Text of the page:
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FBI's Next Set of National Crime Data May Be A 'Big Mess'

Crime—particularly the spike in murder over the past two years—is thought to be weighing heavily on the minds of voters. When the FBI reports national crime estimates for 2021 this fall, they have the potential to be a big deal, politically speaking. If murders are still way up relative to a few years ago, as most experts anticipate, the Republicans are sure to blame Democrats as the party in power. Whatever numbers the FBI releases, they are unlikely to provide the clarity into crime trends that the public deserves, analyst Jeff Asher writes in The Atlantic. That’s because of a significant, change to how the FBI collects crime data. As a result, saying with any confidence whether crime is up or down may be virtually impossible. On paper, the National Incident-Based Reporting System (NIBRS) is clearly superior to the Uniform Crime Report Summary Reporting System, which it replaces. NIBRS enables agencies to collect data on multiple offenses within the same incident (such as a robbery that leads to a murder), provides greater insight into a wider array of crimes compared with the old system, and allows for novel breakdowns of crime victimization by age, sex, and race.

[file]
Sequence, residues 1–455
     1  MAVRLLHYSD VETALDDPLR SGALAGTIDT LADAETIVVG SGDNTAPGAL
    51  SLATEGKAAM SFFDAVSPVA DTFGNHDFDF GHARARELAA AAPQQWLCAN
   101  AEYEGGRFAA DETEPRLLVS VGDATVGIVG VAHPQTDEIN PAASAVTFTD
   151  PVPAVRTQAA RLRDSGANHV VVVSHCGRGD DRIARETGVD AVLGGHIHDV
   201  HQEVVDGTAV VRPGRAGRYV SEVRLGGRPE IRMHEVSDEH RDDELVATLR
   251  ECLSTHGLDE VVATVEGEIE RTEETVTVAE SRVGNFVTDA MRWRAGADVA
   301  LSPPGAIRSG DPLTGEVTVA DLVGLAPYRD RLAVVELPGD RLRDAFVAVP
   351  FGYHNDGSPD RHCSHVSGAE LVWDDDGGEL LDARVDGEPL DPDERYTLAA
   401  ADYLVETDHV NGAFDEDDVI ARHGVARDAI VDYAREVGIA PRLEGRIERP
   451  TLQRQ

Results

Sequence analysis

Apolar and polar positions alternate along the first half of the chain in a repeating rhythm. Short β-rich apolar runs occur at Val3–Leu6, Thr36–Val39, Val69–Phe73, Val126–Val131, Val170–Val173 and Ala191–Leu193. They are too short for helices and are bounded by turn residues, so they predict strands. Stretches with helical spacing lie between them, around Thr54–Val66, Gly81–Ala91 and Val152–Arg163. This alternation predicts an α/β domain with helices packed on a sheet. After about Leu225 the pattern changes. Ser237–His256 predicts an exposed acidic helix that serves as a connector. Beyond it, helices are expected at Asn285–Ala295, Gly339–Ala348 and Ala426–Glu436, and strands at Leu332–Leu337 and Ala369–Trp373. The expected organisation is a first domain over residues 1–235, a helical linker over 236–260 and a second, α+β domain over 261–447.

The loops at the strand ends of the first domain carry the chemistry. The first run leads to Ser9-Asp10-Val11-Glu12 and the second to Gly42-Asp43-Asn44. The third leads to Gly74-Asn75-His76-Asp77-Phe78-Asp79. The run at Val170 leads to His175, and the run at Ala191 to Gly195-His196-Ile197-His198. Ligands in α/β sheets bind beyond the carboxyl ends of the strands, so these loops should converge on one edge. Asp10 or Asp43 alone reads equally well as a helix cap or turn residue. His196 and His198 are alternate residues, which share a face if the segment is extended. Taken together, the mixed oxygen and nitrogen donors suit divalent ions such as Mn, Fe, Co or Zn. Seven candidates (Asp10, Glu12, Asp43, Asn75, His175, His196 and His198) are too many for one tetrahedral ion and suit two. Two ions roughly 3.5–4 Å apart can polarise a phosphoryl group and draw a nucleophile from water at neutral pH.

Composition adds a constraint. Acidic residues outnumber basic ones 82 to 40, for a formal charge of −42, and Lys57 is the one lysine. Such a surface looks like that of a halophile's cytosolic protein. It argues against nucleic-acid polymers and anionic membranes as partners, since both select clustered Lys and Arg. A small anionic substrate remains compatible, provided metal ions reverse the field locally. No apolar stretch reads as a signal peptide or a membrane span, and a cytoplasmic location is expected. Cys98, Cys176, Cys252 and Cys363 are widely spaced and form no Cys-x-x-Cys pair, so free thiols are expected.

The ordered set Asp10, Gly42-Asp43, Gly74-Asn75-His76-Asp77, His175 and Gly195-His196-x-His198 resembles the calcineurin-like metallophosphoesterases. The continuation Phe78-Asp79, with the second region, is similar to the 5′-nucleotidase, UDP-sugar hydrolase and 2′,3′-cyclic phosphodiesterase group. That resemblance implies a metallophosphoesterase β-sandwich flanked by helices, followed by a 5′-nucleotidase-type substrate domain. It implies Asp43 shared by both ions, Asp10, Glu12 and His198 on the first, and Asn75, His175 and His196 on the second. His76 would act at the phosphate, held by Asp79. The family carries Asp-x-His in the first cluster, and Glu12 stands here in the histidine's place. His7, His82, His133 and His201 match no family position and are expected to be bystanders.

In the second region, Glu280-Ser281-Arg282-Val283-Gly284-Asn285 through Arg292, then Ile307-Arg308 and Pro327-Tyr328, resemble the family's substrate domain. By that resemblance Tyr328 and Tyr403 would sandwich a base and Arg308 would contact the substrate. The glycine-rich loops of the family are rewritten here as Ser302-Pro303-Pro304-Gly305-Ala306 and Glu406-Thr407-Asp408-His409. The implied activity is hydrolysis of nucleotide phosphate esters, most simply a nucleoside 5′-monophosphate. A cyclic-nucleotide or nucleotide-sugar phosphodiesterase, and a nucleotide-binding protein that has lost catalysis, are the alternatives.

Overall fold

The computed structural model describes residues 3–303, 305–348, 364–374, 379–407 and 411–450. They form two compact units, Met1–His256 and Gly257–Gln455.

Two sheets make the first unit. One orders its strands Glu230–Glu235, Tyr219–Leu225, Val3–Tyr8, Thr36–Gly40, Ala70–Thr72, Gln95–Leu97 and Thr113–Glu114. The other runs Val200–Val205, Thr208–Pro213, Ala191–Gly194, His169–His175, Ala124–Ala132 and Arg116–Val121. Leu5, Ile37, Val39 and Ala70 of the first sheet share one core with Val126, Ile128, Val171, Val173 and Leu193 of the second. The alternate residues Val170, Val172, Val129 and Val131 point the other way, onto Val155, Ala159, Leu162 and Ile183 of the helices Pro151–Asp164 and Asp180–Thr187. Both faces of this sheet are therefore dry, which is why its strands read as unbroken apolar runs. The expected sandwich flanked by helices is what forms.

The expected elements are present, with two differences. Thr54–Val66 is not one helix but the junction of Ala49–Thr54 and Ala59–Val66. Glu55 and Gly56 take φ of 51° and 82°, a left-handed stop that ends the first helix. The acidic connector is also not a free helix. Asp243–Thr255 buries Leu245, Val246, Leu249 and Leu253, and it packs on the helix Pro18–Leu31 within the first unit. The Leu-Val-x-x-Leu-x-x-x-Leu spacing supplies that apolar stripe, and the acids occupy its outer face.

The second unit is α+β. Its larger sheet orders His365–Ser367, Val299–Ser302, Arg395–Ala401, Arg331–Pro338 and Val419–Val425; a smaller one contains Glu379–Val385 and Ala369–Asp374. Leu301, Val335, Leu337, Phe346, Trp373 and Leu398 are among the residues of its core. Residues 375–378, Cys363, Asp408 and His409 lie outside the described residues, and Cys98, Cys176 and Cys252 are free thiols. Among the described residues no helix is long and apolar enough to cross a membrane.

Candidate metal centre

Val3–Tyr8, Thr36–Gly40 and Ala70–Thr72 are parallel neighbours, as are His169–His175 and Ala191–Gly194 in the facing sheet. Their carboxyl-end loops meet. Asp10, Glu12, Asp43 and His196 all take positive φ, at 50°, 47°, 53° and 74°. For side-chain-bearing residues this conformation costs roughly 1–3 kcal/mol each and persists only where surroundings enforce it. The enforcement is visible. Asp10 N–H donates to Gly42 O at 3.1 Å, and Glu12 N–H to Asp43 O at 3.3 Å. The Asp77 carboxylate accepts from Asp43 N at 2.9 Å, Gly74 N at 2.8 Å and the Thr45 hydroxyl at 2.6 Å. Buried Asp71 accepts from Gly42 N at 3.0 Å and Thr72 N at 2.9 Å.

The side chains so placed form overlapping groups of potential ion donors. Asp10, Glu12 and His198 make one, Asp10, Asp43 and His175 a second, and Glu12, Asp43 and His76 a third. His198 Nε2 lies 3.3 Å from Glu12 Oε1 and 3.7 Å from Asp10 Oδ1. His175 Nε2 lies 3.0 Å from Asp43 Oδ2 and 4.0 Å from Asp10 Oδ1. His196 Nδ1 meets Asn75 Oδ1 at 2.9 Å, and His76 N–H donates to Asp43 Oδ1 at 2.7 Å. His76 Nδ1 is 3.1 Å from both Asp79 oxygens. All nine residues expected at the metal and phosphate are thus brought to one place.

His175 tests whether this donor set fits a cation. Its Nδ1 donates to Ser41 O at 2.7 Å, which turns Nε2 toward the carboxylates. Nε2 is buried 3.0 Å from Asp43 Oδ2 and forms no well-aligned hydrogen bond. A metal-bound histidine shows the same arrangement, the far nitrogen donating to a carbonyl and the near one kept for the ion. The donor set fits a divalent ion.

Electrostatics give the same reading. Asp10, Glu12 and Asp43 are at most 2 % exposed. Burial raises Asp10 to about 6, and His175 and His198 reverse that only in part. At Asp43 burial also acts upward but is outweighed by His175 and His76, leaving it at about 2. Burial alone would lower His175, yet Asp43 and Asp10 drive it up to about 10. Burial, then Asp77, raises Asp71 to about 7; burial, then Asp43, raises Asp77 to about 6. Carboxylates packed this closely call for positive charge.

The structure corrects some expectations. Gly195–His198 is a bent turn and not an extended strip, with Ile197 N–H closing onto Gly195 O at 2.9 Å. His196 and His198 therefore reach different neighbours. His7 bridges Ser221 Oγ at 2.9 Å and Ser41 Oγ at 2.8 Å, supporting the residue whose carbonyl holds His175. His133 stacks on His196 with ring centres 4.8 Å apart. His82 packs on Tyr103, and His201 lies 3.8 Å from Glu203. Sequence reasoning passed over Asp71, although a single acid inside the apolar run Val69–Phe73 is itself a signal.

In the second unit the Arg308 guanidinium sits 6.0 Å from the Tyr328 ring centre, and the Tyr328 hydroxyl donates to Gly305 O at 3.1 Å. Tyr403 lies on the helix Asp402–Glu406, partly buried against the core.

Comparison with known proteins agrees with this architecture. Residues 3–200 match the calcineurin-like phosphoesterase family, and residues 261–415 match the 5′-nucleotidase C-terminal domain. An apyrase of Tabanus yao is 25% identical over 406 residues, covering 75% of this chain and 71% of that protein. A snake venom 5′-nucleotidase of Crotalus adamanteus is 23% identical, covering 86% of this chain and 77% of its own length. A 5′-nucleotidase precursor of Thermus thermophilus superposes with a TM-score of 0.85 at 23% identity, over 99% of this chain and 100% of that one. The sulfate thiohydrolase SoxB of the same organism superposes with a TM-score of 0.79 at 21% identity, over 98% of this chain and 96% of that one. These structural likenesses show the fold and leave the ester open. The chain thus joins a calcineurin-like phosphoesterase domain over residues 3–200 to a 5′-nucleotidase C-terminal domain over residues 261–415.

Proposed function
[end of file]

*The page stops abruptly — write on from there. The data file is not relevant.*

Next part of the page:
There are major issues. Of the nation’s nearly 19,000 law-enforcement agencies, more than 7,000 are not yet reporting data to NIBRS. Though they have had years to prepare for this switch—the FBI announced the change in 2015 and gave out $120 million to help agencies make the transition—only 62 percent, covering just 65 percent of the U.S. population, are reporting to NIBRS for 2021. NIBRS is voluntary, so the FBI cannot compel reporting. Marcus Berzofsky of RTI International, who is working on the estimation problem of the NIBRS transition, anticipates that 32 of the 72 largest agencies will not report a full year’s worth of NIBRS data for 2021. Eight agencies covering 1 million or more people each will not report NIBRS data, including both the New York and Los Angeles police departments. Some states will have no crime estimates for 2021 at all, and perhaps even beyond.

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